Child Passenger Safety Awareness Week: 15 to 22 September

12 September 2019 | Road Safety Highlights


In 2018, 1576 children under the age of 14 died as passengers in vehicles. Most of these deaths could have been prevented if child restraints or seat belts were used. This is 157 children deaths more than the year before. Although the RTMC data does not discern between public and private transport, it is Wheel Well’s opinion that the increase in deaths is due to the fact that our children in public transport, and specifically school transport, are not protected and do not enjoy the same safety rights as children in private transport. During Child Passenger Safety Awareness Week, we will highlight the plight of our children as passengers. Peggie states: “Children do not drive vehicles, we do. It is up to us to keep them safe“

The National Road Traffic Act clearly states that children under the age of 3 must be in a child restraint. Children over 3 and under 14 or 1.5m tall, must be in a car seat if one is available. If no car seat is available, the children must sit on a vehicle seat secured in a seat belt. The Act also states that the driver is responsible for the safety of all the passengers. It is a concern that transport for reward is excluded from this regulation. An even bigger concern is that the loading of children in vehicles has not been addressed as yet. For the purposes of counting persons for loading, children under 3 do not count, 2 children between the age of 3 and 6 counts as 1 person and 3 children between 6 and 14 counts as 2 persons. 

Vehicle seat belts and car seats are designed to prevent death and reduce injuries to a treatable level by doing 3 things:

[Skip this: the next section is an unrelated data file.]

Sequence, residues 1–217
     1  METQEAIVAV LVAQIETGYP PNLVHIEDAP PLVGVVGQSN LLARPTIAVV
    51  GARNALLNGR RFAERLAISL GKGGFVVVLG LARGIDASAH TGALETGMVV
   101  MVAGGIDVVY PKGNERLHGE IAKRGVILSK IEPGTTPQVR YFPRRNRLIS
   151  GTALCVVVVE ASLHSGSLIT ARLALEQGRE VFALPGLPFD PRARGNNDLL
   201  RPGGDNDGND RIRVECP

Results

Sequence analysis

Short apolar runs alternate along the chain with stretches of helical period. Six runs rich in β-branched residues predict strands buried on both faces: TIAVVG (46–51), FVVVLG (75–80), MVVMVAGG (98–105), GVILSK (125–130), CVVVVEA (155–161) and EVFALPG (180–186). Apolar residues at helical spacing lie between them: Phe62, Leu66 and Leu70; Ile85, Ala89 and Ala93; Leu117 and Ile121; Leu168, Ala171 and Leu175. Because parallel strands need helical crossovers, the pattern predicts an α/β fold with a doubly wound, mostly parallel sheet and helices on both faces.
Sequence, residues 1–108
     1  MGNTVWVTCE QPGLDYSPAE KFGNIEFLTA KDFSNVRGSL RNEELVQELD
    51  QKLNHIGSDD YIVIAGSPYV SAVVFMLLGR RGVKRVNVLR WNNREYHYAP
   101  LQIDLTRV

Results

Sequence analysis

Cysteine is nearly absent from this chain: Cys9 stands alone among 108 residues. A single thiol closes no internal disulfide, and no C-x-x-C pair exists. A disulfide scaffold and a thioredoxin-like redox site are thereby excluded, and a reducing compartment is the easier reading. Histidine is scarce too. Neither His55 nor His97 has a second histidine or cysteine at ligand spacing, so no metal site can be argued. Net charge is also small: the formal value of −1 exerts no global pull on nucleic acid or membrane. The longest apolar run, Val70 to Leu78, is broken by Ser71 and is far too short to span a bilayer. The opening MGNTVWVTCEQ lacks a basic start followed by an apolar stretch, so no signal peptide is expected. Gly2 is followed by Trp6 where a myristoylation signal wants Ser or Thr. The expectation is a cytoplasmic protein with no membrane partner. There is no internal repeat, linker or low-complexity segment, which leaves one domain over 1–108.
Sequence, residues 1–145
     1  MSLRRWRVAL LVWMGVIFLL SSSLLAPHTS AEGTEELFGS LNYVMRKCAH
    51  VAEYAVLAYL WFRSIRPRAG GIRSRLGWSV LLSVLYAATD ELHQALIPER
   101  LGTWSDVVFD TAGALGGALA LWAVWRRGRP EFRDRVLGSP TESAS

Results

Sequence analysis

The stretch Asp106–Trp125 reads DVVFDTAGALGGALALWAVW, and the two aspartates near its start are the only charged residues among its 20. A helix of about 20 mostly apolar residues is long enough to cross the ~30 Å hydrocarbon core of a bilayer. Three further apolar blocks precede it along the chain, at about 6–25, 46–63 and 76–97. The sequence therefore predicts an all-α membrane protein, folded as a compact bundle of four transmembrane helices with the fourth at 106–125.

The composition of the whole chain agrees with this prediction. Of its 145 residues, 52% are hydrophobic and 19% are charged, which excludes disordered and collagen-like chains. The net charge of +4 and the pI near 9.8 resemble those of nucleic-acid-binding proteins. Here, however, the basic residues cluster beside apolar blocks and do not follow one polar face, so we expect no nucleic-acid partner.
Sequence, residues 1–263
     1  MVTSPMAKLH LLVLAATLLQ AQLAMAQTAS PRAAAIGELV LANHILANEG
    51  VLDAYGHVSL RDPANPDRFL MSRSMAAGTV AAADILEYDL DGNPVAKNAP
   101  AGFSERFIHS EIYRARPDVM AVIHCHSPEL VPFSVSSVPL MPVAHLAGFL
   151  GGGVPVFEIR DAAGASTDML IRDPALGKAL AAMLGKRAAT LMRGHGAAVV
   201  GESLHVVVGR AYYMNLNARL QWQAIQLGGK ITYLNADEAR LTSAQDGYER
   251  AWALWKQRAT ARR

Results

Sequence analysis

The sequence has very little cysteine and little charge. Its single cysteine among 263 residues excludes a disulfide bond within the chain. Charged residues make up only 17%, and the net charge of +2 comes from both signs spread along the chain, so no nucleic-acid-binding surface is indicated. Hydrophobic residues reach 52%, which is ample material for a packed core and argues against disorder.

1.    Prevent a person, or child,  from being flung out of the vehicle
2.    Prevent a person, or child, from bashing into the interior of the vehicle and other occupants of the vehicle
3.    Seat belts and car seats help the body “ride down” the forces of a crash. 

Children who are not restrained typically die from blunt force trauma to the head or multiple blunt force trauma to the body. Child restraints are specifically designed to prevent these injuries and protect the vulnerable head, spine and vital organs. Seat belts are designed for an adult of at least 1.5m tall and cannot provide the same safety benefits for children that are smaller in stature. A child is ready to ride with a seat belt only when they can say yes to all of these 5 questions: 

1.    Can you sit with your back against the backrest of the vehicle?
2.    Can your knees bend over the front of the seat?
3.    Does the shoulder belt rest on the middle of your shoulder?
4.    Does the lap belt fit low over the top of your legs?
5.    Can you sit like this for the whole ride? 

Wheel Well, through the Car Seats for Kids campaign and the wonderful support they enjoy from the community, has made it possible that over 8 500 children benefited from car seats, used and new. You can assist Wheel Well in keeping our children safe by donating your used car seats to them. Car seats can do so much better than gathering dust, they can go on to keep several children safe. Car seats can be dropped off at any InspectaCar or Renault dealership and SkyNet branches nationwide. 

For more information on how to keep children safe as passengers, parents are most welcome to be in contact with Wheel Well. Let us work together towards preventing our children from serious harm and injury in crashes.

Peggie can be contacted on 072 385 7121 or peggie@wheelwell.org.za Web page: https://www.wheelwell.org.za/

Wheel Well is the only NGO that focuses exclusively on children in road safety and was founded in 2012 by Peggie. Wheel Well strives to be the most visible and audible change agents for children as passengers in private and public transport as well as for children as pedestrians. 

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